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About this poet

Jessie Pope was born in 1868 in Leicester, England. She studied at the North London Collegiate School for Girls. She began writing articles and light, often humorous verse for Punch magazine and other popular publications. She is best known for her poetry of World War I, published in Jessie Pope’s War Poems (G. Richards, 1915) and More War Poems (G. Richards, 1915). Though Pope was widely read during the war, she is often vilified now for her poetry’s light-hearted, pro-war sentiments, especially in comparison to contemporaries such as Wilfred Owen and Siegfried Sassoon. She died on December 14, 1941, in Devon, England.

The Zeppelin Armada

To-day, since Zeppelins are in the air,
    And folks glance skywards as they go their ways,
Let us hark back a bit to an affair
    That happened in Queen Bess’s sturdy days,
When the Armada, backed by Spanish lust—
    A fleet that floating palaces resembled—
Sailed proudly forth to crush us in the dust,
    While all the tremulous in England trembled.

What was the fate of those unwieldy craft?
    Our little frigates made of British oak
Harassed the mighty galleons fore and aft,
    Handy to strike and shun the counterstroke.
The Great Invasion ended in defeat.
    No more could Philip play the part of mocker,
The rout of the Armada was complete,
    And down it went to Davy Jones’s locker.

What frigates did in 1558
    May be repeated in the air to-day,
When clumsy Zeppelins may meet their fate
    From aeroplanes that sting and dart away.
A well-equipped and handy air patrol
    Would circumvent an aerial attack.
If London is to be the Zeppes’ goal,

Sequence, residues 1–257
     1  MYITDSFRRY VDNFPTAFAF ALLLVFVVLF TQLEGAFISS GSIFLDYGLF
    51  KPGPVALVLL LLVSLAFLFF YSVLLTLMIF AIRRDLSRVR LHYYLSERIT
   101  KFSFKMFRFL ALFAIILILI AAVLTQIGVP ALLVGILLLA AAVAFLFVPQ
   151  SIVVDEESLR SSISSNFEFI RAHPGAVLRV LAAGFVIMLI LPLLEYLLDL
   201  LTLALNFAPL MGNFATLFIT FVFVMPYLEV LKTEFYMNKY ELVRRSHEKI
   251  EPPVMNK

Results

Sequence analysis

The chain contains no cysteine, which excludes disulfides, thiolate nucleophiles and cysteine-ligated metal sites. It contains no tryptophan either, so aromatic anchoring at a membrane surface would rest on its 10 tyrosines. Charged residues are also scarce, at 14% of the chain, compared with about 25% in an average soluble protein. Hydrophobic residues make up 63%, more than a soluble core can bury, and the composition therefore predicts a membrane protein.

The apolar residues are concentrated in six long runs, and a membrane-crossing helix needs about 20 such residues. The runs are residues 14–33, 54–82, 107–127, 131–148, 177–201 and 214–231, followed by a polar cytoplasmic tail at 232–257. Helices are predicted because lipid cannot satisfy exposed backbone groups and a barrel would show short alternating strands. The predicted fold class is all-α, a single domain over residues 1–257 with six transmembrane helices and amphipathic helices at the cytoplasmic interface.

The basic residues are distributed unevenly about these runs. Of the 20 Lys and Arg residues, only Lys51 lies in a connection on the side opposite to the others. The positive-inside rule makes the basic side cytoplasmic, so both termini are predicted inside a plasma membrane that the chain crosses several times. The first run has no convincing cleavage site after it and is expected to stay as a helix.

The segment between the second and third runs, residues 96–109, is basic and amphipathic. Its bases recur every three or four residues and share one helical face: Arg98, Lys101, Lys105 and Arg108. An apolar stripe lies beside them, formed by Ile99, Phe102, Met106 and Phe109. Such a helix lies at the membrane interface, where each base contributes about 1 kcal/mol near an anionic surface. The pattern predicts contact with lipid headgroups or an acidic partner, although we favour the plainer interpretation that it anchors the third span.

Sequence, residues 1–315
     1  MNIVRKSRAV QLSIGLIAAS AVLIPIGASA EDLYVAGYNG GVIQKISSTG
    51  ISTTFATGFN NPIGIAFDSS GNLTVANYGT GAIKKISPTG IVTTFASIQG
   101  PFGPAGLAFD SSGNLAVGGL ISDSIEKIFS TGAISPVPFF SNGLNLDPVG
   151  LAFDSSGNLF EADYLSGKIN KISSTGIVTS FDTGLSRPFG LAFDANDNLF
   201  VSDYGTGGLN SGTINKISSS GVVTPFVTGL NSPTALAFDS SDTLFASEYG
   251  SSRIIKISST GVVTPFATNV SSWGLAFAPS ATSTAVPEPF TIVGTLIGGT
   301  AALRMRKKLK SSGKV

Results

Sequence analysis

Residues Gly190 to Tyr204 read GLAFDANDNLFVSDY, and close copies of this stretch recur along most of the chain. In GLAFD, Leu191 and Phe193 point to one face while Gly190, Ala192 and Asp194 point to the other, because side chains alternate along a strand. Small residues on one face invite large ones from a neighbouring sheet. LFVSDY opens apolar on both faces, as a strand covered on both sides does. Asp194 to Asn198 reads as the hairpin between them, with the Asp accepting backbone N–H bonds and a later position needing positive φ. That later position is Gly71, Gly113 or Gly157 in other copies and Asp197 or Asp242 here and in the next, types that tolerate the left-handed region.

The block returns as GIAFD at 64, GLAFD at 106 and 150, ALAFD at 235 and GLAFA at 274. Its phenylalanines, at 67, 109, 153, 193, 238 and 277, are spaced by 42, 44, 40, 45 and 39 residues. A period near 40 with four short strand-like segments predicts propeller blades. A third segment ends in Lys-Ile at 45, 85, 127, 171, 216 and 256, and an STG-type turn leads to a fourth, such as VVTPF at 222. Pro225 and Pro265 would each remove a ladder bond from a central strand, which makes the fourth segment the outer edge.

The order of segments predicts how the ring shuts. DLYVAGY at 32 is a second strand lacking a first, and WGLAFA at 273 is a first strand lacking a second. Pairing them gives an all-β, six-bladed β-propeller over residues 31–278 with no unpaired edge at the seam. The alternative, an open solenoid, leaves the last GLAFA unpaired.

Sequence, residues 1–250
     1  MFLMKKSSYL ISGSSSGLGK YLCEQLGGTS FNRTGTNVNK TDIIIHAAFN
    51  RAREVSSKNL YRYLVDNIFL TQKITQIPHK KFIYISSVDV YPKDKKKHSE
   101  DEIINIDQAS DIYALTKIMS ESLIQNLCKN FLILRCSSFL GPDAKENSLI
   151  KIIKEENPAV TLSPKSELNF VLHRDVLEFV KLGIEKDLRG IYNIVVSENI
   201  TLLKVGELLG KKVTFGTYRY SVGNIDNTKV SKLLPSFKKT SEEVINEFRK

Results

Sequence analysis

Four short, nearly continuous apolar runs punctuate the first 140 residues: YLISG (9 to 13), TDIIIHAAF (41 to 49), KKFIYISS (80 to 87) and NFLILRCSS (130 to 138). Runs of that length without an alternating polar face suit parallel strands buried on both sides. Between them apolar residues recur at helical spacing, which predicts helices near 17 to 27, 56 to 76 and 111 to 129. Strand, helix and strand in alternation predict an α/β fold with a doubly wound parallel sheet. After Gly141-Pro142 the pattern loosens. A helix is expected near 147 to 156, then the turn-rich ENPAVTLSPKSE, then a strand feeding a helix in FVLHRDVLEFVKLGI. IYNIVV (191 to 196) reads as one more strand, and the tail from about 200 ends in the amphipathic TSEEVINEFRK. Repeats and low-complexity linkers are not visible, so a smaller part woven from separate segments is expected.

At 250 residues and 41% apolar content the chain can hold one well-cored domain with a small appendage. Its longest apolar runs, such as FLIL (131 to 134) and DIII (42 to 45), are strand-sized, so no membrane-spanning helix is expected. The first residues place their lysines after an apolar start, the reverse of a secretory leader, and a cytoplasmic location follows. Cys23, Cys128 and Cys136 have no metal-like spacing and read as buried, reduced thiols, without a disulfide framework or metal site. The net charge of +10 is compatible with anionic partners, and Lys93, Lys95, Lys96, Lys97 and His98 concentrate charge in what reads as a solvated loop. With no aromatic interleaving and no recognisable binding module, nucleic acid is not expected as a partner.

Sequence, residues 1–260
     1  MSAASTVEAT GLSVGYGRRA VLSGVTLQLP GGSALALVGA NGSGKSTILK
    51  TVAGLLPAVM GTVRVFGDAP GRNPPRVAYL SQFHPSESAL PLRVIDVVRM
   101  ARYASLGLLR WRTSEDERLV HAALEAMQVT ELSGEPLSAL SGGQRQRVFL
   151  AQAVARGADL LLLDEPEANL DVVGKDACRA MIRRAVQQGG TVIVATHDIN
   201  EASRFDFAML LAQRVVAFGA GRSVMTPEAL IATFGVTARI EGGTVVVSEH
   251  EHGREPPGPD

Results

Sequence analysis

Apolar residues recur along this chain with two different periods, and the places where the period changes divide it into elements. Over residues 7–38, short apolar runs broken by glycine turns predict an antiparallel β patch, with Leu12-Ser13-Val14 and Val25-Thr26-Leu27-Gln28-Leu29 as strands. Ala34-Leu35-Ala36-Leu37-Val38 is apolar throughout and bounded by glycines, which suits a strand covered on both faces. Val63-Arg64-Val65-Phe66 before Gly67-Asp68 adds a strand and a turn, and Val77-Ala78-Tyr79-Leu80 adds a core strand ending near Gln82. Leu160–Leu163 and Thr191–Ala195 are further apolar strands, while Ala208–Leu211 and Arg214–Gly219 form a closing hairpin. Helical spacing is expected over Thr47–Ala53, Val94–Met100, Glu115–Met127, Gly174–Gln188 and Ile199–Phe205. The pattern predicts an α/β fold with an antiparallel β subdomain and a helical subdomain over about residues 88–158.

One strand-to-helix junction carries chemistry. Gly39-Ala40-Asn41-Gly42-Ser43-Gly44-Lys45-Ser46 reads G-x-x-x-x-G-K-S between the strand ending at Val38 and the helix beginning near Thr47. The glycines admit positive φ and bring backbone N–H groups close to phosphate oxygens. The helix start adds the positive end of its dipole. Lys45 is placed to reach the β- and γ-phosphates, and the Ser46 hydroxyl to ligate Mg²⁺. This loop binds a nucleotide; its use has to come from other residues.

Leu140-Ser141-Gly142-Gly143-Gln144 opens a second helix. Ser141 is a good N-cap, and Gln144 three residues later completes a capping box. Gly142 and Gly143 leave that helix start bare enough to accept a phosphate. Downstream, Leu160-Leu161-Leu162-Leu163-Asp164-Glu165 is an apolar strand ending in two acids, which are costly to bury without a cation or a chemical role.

It’s up to us to see they don’t go back!

This poem is in the public domain.

 

This poem is in the public domain.

 

Jessie Pope

Jessie Pope was born in 1868 in Leicester, England. She is best known for her poetry of World War I, published in Jessie Pope’s War Poems (G. Richards, 1915) and More War Poems (G. Richards, 1915). Pope died in 1941 in Devon, England.

by this poet

poem
In heaven, a pale uncertain star,
    Through sullen vapour peeps,
On earth, extended wide and far,
In all the symmetry of war,
    A weary army sleeps.

The heavy-hearted pall of night
    Obliterates the lines,
Save where a dying camp-fire’s light
Leaps up and flares, a moment bright,
    Then once again
poem
The dying sunset’s slanting rays
    Incarnadine the soldier’s deed,
His sturdy countenance betrays
               The bull-dog breed.

Not his to shun the stubborn fight,
    The struggle against cruel odds.
Alone, unaided—'tis a sight
                For men and gods.

And now his back is bowed and bent,
poem
Not theirs the popular uniform
That takes the feminine heart by storm,
And wins soft glances, shy or warm,
        The perquisites of pluck.
But theirs the commonplace city kit,
With a blue and white stripe round the sleeve of it,
And a stout little truncheon to do the trick,
         If ever they have the luck